Ecuadorian President Rafael Correa has made himself very clear: our economy has run out of ammo on the battlefield of global trade. Our most ardent “enemies,” Colombia and Peru, have their arsenal ready, and they are firing on us with their most effective weapon: currency devaluation.
Every dollar that is spent on cheaper, foreign products is a bullet fired right at us. Our country is under siege, our economy is at war, and we will lose unless our politicians prepare our army of businessmen for a counterattack.
This is all nonsense, of course. We are not at war with Peru and Colombia; the products that Ecuadorians import are not bullets; and the economy is not a zero-sum game where one’s gain is another’s loss.
Yet, Ecuadorian authorities speak as if we have a war economy, a legacy from the past that has infected the minds of technocrats at the expense of everyone else.
In the Middle Ages, kings ruled over their lands and subjects under the constant threat of war. Before the Industrial Revolution (division of labor, mass production, and trade), the only way to collect revenue for the crown was through conquest and plunder.
But wars are long and costly, and all kings had to rule based on this reality.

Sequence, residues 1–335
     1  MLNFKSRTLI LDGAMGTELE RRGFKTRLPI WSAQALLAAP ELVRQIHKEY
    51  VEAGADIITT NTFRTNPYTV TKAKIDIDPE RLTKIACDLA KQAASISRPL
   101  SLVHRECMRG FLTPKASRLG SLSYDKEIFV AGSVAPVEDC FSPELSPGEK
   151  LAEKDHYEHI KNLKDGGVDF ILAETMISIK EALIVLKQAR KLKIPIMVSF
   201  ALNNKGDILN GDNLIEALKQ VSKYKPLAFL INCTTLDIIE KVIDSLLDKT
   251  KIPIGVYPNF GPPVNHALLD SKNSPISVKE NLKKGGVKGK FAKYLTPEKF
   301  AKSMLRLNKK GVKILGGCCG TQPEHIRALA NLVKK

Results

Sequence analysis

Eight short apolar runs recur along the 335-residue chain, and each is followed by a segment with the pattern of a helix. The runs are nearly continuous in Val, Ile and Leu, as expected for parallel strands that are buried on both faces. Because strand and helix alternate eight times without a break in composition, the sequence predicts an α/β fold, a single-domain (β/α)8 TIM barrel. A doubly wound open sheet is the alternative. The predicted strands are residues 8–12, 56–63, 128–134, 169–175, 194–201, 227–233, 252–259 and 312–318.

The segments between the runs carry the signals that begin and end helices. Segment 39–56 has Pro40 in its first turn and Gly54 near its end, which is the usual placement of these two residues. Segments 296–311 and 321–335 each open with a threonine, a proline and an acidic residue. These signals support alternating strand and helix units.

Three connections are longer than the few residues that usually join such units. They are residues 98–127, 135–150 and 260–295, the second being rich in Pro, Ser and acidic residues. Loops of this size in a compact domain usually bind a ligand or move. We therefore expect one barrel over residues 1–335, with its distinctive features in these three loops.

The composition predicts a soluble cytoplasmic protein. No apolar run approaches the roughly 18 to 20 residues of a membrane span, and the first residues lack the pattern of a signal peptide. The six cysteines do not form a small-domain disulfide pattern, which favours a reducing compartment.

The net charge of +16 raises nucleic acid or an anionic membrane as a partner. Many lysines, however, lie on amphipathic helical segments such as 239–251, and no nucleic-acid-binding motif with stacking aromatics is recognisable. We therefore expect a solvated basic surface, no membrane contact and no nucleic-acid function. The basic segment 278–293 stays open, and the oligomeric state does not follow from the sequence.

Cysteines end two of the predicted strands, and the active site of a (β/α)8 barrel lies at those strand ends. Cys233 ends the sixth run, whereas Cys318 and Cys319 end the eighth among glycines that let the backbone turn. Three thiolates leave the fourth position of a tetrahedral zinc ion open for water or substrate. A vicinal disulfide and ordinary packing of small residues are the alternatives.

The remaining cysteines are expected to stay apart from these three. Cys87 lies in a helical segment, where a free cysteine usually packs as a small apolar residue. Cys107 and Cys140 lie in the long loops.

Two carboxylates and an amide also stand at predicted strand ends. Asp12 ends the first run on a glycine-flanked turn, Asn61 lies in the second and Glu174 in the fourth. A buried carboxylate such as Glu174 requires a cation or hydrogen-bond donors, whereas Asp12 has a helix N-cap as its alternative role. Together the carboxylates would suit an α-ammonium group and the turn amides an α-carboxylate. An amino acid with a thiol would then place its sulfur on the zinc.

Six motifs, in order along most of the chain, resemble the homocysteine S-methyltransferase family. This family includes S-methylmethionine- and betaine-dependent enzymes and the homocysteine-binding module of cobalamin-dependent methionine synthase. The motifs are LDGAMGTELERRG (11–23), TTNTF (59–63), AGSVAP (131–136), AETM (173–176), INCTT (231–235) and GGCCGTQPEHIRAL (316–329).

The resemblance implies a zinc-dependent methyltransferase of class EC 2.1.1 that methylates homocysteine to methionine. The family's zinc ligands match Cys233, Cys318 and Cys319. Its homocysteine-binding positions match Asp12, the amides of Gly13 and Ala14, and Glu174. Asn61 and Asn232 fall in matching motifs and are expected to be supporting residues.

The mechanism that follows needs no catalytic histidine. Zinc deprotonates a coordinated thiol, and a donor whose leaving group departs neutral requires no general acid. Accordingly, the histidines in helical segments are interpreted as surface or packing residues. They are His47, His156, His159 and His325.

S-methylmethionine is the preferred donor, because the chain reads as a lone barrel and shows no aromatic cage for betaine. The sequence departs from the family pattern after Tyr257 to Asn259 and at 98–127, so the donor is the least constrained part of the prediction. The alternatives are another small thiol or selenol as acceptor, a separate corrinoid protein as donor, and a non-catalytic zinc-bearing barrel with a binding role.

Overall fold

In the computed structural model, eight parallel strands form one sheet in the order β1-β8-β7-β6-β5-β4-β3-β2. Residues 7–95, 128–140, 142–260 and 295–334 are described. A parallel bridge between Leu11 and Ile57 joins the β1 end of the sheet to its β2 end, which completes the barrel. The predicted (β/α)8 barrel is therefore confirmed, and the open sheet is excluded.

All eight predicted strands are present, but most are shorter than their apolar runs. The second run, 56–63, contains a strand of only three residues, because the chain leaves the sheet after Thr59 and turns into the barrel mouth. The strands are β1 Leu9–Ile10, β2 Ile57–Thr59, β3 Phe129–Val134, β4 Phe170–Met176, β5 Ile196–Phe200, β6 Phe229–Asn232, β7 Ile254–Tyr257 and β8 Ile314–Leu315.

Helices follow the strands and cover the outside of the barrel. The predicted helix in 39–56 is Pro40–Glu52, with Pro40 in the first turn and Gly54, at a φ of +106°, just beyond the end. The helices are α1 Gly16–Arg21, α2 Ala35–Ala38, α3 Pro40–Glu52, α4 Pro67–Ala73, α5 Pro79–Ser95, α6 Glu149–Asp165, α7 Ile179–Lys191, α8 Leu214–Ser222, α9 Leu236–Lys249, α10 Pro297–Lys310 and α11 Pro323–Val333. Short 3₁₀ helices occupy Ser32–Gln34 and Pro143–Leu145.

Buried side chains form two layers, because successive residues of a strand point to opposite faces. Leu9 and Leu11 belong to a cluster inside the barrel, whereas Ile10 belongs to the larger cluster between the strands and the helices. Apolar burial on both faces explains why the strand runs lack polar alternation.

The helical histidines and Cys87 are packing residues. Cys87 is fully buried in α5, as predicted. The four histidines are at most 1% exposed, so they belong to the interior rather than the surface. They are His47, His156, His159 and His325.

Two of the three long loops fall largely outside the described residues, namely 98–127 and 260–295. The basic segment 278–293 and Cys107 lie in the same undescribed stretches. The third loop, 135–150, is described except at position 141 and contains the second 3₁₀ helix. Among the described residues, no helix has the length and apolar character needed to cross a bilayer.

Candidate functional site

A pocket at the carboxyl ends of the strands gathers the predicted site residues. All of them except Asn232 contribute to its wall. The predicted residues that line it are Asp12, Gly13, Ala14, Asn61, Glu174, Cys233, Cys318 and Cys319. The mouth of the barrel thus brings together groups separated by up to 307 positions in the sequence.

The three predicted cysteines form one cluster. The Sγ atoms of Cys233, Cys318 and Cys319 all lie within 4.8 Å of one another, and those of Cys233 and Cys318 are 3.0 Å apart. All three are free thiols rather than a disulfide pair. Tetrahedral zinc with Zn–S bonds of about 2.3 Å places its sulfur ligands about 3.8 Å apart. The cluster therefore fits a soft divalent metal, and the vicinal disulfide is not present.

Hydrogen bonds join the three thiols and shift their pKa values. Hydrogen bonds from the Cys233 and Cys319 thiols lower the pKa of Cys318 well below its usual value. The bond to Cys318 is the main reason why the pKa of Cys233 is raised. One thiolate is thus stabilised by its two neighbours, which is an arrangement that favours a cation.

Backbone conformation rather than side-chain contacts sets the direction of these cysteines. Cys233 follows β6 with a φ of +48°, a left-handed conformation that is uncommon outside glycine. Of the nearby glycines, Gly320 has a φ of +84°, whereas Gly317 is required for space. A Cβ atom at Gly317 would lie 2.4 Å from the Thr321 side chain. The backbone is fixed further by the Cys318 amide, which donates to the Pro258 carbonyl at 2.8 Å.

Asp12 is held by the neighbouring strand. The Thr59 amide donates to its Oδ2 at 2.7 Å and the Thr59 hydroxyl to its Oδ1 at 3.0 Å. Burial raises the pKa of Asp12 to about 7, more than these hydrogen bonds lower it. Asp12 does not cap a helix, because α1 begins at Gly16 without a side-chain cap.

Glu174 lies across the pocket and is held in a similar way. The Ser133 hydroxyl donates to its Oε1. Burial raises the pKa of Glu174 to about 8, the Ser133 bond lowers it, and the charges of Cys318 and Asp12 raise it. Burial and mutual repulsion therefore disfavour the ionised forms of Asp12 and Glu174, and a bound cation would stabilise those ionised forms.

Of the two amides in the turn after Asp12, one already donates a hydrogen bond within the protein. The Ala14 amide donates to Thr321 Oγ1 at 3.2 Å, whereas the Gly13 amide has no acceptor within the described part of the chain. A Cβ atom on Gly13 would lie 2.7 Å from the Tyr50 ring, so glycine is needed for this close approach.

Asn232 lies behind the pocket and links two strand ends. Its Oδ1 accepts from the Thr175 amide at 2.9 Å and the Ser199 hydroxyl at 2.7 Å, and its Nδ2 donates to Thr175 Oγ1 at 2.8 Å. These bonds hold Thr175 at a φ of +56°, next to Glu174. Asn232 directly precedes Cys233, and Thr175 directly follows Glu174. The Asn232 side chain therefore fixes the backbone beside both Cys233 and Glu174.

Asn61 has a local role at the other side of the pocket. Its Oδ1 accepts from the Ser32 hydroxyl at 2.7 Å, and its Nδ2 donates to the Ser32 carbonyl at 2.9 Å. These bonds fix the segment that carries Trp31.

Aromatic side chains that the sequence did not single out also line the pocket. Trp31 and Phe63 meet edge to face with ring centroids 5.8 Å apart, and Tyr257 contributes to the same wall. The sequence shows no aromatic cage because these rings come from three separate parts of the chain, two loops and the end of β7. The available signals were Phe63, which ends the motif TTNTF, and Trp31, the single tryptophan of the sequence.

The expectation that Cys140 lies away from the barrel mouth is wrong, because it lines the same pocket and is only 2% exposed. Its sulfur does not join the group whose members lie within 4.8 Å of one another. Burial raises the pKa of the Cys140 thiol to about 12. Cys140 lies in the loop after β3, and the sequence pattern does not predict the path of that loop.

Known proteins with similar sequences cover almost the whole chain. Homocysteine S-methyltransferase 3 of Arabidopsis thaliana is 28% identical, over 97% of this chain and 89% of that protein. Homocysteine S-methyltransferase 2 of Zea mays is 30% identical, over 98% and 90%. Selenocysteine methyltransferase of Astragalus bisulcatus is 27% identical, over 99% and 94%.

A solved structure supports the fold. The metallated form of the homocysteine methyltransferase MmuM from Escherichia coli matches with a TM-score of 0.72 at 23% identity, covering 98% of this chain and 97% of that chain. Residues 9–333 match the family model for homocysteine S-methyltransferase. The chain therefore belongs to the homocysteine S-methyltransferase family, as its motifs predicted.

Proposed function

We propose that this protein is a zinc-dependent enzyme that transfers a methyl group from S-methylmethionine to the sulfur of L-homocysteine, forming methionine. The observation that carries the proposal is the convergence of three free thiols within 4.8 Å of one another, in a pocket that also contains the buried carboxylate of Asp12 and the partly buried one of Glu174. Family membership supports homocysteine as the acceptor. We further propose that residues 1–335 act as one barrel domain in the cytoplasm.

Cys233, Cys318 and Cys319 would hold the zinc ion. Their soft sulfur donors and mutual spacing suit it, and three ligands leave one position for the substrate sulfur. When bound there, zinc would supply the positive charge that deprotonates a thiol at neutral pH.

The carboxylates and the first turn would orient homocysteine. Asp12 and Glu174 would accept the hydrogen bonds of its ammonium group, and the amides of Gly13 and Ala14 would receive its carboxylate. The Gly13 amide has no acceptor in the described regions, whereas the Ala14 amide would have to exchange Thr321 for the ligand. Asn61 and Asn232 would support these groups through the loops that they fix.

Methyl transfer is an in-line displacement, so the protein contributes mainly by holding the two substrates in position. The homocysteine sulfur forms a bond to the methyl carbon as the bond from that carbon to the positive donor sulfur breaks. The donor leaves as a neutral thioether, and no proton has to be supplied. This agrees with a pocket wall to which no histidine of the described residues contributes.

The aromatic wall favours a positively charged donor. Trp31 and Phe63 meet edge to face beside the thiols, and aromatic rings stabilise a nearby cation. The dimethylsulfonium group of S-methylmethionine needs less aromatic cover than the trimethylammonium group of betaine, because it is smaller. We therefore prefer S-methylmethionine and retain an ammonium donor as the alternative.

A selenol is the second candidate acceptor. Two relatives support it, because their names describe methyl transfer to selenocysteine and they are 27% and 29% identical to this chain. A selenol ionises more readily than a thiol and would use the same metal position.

Two policies to address these conditions arose in those times: high taxes and trade barriers. They made sense at the time; taxes enabled the government to buy weapons and armies for eventual battles.
Barriers to international trade emerged since nations grew more dependent on one another, specializing in certain goods and importing the rest. But a ruler, under the constant threat of war, could not risk putting his kingdom in danger by relying on foreign goods, since this would make him an easy target for sieges and blockades.
In other words, self-sufficiency was a war-time strategy — a forceful imposition. From that perspective, every import could be considered a “bullet,” or some kind of shackle to other countries. On the other hand, a high number of exports makes other nations your hostages.
Under this rationale, it’s clear why kings would restrict imports and promote exports. Economic war was the prelude for true warfare, and winning the former meant getting a head start on the latter.
But such thinking has no place in modern Ecuador, or any other country for that matter. In the 19th century, the Western world decidedly moved toward capitalism and free enterprise, leaving behind feudalism and absolute monarchies.
Division of labor created countless opportunities to produce more and relieve poverty. It was an incentive for peace, since war always comes at a high cost in both resources and human lives.
Managing the economy as if we are constantly at war with our neighbors throws us 500 years into the past, risking the same poverty and sickness of those times.
President Correa’s economic plan, as well as many of his statements, resemble those of the Sun King more than a responsible statesman.
Esteban Pérez is a lawyer pursuing a master’s degree in Austrian economics at the King Juan Carlos University and holds an LL.M. from the University of Chicago. Follow @estebanperezm.